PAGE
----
# Initial allele frequencies

For polymorphic loci in trees, the distribution of the frequency of alleles over all loci that determining a trait is typically U-shaped. This means that alleles are either very common (allele frequency approaching unity) or very rare (allele frequency approaching zero), but rarely have a frequency in the population of around 0.5 (e.g. Hamrick, 2004; Chakraborty et al., 1980). In absence of observations on the frequency distribution of alleles of adaptive traits to initiate the genetic model, an equilibrium allele frequency distribution of neutral traits is used Crow and Kimura, 1970).

This equilibrium distribution of allelic frequencies (*x*) can expressed as (Nei, 1987, p. 367):

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</p>") from server "http://mathoid.testme.wmflabs.org":): \phi \left(x\right)=\frac{\Gamma \left(M+M'\right)}{\Gamma \left(M\right)\Gamma \left(M'\right)} \left((1-x)^{M-1} x^{M'-1} \right) \right **

where:

*M = 4Ne v*

*M' = M / (k -1)*
*Ne* is the effective population size, *v* is the mutation rate per locus and per generation, *k* is the number of alleles per locus, Γ() is the gamma function.

*M* can also be estimated from the average heterozygosity (*H*). If a large number of loci are examined, then: *M = H/(1-H)*

Figure 1 presents an example of the shape of this equation for different values of H and k.

*Figure 1. Example of the equilibrium distribution of allele frequencies in a population for neutral traits. *H* = 0.25 and *k* = 2 (typical values for isozyme data)*

Note that in Figure 1 the number of loci is indetermined as Eqn. 1 represents the distribution of allele frequencies over a very large number of loci. To arrive at initial allele frequencies for an actual number of loci (e.g. 5), most conveniently the cumulative distribution of &phi(x) is calculated and the allele frequencies for the actual number of loci are determined at the quantile values of the cumulative distribution. i.e. every 20% quantile in case of 5 loci.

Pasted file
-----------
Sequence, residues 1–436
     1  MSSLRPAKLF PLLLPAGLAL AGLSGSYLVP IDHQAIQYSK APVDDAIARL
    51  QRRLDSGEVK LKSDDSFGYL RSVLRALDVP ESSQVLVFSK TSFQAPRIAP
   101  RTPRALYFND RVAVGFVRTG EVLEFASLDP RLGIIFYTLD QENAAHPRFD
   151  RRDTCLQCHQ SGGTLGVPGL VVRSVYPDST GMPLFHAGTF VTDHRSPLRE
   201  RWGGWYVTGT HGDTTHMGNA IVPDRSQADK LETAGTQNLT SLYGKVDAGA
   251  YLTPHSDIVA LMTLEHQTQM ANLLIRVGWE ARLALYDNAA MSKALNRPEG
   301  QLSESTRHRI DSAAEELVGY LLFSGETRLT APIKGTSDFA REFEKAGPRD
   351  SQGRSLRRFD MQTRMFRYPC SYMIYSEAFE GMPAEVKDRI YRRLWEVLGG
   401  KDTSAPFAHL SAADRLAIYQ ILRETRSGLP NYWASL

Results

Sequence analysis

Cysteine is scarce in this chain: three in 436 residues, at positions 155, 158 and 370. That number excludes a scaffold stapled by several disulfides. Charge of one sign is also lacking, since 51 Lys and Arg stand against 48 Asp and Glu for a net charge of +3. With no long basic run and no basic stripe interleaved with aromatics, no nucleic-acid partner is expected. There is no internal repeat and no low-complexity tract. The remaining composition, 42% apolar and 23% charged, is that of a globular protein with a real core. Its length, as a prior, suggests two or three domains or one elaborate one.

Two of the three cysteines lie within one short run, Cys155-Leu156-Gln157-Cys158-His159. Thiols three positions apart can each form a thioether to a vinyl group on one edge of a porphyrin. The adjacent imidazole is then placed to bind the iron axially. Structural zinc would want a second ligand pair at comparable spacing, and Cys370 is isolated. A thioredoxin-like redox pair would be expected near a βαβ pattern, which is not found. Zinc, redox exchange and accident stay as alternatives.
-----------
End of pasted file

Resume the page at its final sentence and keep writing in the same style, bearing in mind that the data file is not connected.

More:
To obtain the cumulative distribution of *φ(x)*, *φ(x)dx* is numerically integrated between 0 and 1 (extreme are excluded because *φ(x)*→∞ when x→0 or x→1 ):

then compute a cumulative distribution function, *p*, of *φ(x)x'* as:

To compute the allele frequency for a given number of loci, the inverse of the integral of φ(x) is required, where φ(x) is the distribution of allele frequencies of all loci in a population. This inverse can be obtained by linear interpolating after evaluating φ(x) over a large number of x-values.

As an example, to choose the 5 initial allelic frequencies (nLoci = 5; k = 2 and k=4) equally spaced points in the first half of distribution of cumulative *φ(x)* are selected, other half is determined by the other allele. Examples of Eqn. 2 for nLoci = 5 and k = 2 or k = 4 are presented in Figure 2.

*Figure 2. Cumulative distribution of *φ(x)* and relative allelic frequencies *(x)*.* Dots indicate interpolated values for a 5 locus genetic system (the allele frequencies > 0.5 are 1 - the allele frequencies < 0.5).

These 5 points are the 10th, 20th, 30th, 40th and 50th percentile of the cumulative distribution. In case H = 0.25 and k = 2, their relative frequencies are 0.006, 0.044, 0.141, 0.299, 0.499. In this way, 5 allelic frequencies are obtained that take into account the natural distribution of frequencies, with many of loci with low (or high) allele frequencies and few loci with allele frequencies around 0.5.